Brain Injury Awareness Month – June 2019


June is Brain Injury Awareness Month, an opportunity to bring attention to the effects of brain injuries and the measures to take to help prevent them. Brain injuries can occur at all ages and be caused by trauma from falls, car accidents, sports, assaults or other health issues, such as experiencing a stroke. Each year in Canada, more than 20,000 people are hospitalized for traumatic brain injuries, which can range from mild to severe and include concussions.

Concussions remain a serious public health issue because of their frequency and potential for serious short- and long-term consequences on brain health, especially among young people. In 2016-17, hospital emergency departments diagnosed an estimated 46,000 children and youth with a concussion. Most of these were received during sport and recreation activities. In addition, knowledge of concussions has proven to be low among young people with 78% of youth aged 12 to 17 reporting that they know little about concussions.

Our Government wants to help make sport, physical activity and recreation safer for all Canadians and to help reduce the risk of injury. The key to this is prevention and awareness of how to recognize concussion and how to manage recovery. That includes making sure that people have access to evidence-based information and tools.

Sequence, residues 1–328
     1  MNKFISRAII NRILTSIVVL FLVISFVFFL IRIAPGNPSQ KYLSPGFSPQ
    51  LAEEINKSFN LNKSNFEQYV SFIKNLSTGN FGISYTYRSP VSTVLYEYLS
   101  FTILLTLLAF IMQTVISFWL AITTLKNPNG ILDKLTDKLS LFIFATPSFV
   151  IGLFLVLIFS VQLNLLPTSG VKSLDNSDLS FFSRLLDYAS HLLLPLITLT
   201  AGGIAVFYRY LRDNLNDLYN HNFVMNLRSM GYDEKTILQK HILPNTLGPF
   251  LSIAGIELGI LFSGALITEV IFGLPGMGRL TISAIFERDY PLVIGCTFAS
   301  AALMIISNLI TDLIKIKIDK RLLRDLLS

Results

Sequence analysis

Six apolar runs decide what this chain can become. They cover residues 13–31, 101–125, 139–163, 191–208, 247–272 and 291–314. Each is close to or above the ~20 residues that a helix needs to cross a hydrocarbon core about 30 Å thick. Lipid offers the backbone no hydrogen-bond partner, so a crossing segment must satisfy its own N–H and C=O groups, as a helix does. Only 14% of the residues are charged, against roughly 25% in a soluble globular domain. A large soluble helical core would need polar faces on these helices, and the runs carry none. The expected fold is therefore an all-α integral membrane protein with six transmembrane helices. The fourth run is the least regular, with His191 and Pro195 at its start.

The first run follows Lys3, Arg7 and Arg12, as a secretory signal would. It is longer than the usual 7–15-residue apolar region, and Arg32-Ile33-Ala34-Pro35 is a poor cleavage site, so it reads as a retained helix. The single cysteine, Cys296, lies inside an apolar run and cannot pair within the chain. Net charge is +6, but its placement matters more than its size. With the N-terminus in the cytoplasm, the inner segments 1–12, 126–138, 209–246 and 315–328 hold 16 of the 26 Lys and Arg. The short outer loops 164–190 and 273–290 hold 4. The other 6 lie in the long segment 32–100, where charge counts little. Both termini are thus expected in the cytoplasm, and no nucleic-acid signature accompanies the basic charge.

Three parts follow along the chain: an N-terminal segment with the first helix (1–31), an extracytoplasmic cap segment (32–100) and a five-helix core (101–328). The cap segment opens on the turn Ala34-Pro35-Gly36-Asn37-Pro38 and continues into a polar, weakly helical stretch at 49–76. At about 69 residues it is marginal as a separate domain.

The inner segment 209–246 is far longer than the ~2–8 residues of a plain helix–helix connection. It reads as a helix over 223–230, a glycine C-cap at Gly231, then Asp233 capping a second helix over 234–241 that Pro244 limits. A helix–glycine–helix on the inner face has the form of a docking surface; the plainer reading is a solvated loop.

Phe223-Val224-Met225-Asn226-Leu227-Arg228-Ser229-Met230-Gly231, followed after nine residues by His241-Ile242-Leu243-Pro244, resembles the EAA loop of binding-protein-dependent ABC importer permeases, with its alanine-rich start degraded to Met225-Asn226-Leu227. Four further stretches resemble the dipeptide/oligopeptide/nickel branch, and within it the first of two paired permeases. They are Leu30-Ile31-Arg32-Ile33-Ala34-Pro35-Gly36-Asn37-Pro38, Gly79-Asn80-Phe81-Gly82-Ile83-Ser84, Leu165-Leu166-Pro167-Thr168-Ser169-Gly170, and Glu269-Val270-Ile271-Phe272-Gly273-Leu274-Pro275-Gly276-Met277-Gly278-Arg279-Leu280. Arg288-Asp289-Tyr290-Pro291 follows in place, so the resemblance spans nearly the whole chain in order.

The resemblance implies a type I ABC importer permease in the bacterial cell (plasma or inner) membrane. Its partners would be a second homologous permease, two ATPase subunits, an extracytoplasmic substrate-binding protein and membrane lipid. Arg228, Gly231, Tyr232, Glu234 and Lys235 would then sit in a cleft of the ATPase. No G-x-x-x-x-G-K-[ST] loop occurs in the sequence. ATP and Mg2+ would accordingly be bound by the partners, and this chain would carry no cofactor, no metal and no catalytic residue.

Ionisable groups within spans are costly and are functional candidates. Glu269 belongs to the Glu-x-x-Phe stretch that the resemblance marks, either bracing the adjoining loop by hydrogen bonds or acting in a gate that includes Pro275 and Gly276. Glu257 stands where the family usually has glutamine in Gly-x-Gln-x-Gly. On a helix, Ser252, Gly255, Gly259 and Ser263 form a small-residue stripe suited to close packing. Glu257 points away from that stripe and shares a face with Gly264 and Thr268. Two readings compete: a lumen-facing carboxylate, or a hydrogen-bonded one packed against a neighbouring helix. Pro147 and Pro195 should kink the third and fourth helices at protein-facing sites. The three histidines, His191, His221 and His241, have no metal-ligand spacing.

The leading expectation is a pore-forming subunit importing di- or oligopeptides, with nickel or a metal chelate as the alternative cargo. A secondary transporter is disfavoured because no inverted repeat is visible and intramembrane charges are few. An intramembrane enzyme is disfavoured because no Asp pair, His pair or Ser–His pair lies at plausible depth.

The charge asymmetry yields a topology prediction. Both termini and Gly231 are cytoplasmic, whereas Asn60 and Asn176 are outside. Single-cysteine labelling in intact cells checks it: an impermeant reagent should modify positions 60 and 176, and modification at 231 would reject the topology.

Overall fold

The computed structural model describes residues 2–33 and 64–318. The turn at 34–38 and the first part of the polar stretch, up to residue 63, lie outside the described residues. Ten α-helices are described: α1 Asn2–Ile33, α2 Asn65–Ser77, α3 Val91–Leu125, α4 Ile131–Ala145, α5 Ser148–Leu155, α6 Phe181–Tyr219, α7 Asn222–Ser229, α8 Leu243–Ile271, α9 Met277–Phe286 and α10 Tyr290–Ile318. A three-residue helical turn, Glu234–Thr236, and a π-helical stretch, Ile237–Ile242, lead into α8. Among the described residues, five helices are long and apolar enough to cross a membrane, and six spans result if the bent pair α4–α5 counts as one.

Over the last several years, the Government of Canada has supported an organization called Parachute to develop the Canadian Guideline on Concussion in Sport, as well as school and sport concussion protocols and a concussion awareness training tool for health professionals. I recently announced additional investments for Parachute to continue to work with key partners in support of our Government’s commitment to implement a national approach to increase the prevention, recognition and treatment of concussions in Canada. This important work will include increasing public awareness, expanding access of the SCHOOLFirst resource to schools across the country, and delivering bilingual online courses for parents, teachers and coaches.

Canada is also a world leader in concussion research. With funding from the Government of Canada through the Canadian Institutes of Health Research, Canadian researchers have guided the development of concussion policies in sport, and clinical practice guidelines for the diagnosis and treatment of concussions in children, including the identification of children at risk for prolonged or persistent effects of concussion. CIHR continues to support concussion research with funding to the Canadian Traumatic Brain Injury Research Consortium and most recently with the establishment of a partnership with the U.S. National Institutes of Health that will identify biomarkers to improve the assessment of concussion in children and the monitoring of recovery and return to activity.

As Minister of Health, I am committed to working with partners to reduce the risks associated with sports and physical activity, to help reduce the number of brain injuries and to improve recovery. For more information, please visit the Government of Canada’s concussion and injury prevention web pages.

The Honourable Ginette Petitpas Taylor, P.C., M.P.
Minister of Health


Media Relations
Public Health Agency of Canada

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